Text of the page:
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Why Is the IMF So Afraid of Cryptocurrency?


The IMF is not a neutral aid organization, but the economic arm of a vast power structure. Crypto threatens that power.


It seems increasingly clear that opposition to cryptocurrency can be considered an official position of the International Monetary Fund (IMF), and we can expect anti-crypto restrictions to become a common condition of its loans to economies in crisis.


Most recently, Argentina has agreed to “discourage” the use of cryptocurrency as a condition of a $45 billion loan from the IMF. The announcement comes less than a year after El Salvador’s plan to use bitcoin as legal tender met with vocal complaints from the IMF ahead of negotiations on a loan with that country.


Argentina has been mired in a dire economic crisis for years, with fallout including high inflation. The country also carries huge sovereign debt and has a history of default, making borrowing on conventional markets more difficult.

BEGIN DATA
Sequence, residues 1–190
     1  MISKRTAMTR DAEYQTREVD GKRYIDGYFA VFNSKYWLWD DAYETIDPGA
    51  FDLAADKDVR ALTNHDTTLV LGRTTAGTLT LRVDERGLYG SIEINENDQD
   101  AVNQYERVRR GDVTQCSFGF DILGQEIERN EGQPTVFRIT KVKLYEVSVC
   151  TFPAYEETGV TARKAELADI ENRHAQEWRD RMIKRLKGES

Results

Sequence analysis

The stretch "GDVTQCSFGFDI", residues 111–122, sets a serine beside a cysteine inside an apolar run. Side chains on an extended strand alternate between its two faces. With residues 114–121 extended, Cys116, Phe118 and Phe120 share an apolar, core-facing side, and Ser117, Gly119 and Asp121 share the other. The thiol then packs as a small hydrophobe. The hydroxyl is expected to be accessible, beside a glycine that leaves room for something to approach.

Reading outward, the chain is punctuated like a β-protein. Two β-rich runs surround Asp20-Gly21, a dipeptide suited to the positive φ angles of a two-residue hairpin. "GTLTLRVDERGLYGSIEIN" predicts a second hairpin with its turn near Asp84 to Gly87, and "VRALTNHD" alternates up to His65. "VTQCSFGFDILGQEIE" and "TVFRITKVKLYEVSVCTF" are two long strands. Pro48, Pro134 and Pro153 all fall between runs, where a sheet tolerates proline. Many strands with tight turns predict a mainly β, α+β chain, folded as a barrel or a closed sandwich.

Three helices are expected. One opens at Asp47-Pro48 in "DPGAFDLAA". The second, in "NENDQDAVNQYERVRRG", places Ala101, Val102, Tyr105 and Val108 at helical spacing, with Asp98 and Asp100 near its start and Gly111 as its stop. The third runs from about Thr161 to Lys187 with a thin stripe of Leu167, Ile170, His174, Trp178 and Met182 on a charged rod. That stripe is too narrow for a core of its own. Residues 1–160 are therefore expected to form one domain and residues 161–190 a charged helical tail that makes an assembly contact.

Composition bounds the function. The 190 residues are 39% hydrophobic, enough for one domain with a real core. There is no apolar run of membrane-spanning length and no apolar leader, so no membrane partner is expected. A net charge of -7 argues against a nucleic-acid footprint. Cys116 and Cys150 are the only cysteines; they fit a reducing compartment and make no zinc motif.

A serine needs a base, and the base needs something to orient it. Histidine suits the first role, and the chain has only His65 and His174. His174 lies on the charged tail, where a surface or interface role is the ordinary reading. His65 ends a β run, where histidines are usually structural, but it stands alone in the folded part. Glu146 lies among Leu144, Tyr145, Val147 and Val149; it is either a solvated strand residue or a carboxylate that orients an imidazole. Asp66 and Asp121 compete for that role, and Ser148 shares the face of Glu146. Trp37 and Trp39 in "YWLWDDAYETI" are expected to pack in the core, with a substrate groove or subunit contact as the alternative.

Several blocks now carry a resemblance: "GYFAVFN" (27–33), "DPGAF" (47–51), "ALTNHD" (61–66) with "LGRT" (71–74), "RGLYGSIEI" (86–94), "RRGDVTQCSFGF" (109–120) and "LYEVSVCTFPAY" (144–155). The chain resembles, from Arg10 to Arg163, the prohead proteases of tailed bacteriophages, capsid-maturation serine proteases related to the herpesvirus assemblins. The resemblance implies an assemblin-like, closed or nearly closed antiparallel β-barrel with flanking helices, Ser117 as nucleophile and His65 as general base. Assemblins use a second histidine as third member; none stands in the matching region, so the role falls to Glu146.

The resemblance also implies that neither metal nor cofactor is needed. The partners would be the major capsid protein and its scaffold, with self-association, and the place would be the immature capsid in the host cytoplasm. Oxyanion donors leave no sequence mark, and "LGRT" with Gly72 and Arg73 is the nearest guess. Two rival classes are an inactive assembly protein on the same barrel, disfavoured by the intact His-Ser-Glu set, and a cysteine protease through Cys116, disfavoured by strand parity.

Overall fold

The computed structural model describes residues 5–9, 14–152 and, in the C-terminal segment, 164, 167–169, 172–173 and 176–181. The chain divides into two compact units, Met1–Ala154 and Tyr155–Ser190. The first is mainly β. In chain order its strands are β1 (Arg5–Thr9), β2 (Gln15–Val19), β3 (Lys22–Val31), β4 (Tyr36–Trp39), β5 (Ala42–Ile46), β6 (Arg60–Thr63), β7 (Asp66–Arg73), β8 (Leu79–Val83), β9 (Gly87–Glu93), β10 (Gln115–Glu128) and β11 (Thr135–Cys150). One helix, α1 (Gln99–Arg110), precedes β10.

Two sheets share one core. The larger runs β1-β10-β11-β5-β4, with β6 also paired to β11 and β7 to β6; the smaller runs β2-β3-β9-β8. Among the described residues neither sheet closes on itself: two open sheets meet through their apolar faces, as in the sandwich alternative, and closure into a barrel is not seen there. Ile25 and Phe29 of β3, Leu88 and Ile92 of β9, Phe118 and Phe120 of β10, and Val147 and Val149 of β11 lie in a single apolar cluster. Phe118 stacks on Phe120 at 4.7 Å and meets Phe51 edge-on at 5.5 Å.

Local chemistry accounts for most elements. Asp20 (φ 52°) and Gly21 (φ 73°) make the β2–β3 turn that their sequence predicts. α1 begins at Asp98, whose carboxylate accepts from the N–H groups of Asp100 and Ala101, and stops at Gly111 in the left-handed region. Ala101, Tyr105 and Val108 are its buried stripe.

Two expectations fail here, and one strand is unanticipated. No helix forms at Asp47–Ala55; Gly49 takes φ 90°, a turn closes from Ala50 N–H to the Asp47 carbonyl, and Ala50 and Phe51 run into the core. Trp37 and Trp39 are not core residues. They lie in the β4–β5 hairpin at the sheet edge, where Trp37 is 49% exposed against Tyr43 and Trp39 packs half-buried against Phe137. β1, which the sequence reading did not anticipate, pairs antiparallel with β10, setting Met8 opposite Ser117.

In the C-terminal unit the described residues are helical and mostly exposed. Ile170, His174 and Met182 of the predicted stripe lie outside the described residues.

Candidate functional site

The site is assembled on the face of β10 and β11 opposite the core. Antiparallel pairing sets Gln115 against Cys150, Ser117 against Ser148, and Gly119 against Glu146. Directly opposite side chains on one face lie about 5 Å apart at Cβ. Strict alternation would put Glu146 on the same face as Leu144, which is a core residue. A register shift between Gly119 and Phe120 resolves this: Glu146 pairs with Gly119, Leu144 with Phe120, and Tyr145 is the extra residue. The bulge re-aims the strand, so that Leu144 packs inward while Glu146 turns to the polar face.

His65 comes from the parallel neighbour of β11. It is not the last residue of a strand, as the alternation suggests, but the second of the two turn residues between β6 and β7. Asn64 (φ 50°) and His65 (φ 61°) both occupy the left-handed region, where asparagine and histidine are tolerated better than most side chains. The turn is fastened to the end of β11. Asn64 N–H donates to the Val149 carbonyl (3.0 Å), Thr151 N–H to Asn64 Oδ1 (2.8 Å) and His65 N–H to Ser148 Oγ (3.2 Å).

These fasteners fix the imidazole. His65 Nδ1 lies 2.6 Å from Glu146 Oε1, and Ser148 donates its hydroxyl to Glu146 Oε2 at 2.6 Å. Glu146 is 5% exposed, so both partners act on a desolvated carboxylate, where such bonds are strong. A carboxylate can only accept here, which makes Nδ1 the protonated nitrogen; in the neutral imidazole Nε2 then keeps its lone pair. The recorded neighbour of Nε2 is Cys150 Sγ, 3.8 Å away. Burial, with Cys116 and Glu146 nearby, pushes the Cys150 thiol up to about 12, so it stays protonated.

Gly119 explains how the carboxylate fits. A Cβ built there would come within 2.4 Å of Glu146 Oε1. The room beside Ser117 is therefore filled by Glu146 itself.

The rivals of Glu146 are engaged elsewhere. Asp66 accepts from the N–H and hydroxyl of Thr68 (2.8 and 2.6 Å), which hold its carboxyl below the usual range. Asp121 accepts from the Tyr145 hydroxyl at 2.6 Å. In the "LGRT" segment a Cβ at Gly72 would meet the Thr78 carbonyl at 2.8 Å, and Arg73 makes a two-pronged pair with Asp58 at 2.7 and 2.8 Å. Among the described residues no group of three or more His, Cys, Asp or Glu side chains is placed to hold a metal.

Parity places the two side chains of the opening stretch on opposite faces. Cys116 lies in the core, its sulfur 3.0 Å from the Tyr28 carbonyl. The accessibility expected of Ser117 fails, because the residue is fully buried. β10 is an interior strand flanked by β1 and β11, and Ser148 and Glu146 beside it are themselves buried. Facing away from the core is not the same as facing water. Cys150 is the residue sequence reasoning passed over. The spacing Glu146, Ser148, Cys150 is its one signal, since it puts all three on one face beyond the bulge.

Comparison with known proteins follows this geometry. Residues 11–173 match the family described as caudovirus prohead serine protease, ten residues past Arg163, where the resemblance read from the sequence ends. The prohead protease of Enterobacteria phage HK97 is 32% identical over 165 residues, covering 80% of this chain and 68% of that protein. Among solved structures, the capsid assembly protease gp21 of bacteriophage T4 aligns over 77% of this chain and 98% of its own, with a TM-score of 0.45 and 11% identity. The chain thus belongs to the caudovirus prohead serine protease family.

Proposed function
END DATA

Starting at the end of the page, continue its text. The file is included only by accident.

Meanwhile, as laid out by The Block, Buenos Aires has become a significant center of blockchain and crypto development, substantially because the country’s economic and monetary chaos has pushed residents to seek the relative stability and trustworthiness of crypto like bitcoin. Crypto companies and organizations in the country are still reportedly seeking clarity on what exactly it would mean for their government to “discourage” the use of crypto.


But if Argentines have decided that crypto is a useful way for them to individually cope with economic chaos, why is the IMF trying to stop them?


To understand what’s going on here, you have to understand the political history and true purpose of the IMF.


The agency was founded in 1944, in what the official narrative describes as an attempt to “avoid repeating the competitive currency devaluations that contributed to the Great Depression of the 1930s.”